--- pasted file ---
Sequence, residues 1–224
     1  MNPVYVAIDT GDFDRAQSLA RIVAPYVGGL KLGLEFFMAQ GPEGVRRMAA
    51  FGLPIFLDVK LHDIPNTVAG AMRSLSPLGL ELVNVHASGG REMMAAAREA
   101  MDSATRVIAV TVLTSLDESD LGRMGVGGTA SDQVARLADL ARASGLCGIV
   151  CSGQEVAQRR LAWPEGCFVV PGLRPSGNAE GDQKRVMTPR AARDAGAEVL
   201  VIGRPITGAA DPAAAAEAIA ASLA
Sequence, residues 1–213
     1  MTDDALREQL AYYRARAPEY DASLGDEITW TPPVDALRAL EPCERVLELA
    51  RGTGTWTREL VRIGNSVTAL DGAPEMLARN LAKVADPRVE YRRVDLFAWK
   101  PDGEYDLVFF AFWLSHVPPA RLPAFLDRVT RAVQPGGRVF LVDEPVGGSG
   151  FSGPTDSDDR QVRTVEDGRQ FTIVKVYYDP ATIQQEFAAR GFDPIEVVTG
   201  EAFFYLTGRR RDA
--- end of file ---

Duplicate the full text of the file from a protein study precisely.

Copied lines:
Sequence, residues 1–224
     1  MNPVYVAIDT GDFDRAQSLA RIVAPYVGGL KLGLEFFMAQ GPEGVRRMAA
    51  FGLPIFLDVK LHDIPNTVAG AMRSLSPLGL ELVNVHASGG REMMAAAREA
   101  MDSATRVIAV TVLTSLDESD LGRMGVGGTA SDQVARLADL ARASGLCGIV
   151  CSGQEVAQRR LAWPEGCFVV PGLRPSGNAE GDQKRVMTPR AARDAGAEVL
   201  VIGRPITGAA DPAAAAEAIA ASLA
Sequence, residues 1–213
     1  MTDDALREQL AYYRARAPEY DASLGDEITW TPPVDALRAL EPCERVLELA
    51  RGTGTWTREL VRIGNSVTAL DGAPEMLARN LAKVADPRVE YRRVDLFAWK
   101  PDGEYDLVFF AFWLSHVPPA RLPAFLDRVT RAVQPGGRVF LVDEPVGGSG
   151  FSGPTDSDDR QVRTVEDGRQ FTIVKVYYDP ATIQQEFAAR GFDPIEVVTG
   201  EAFFYLTGRR RDA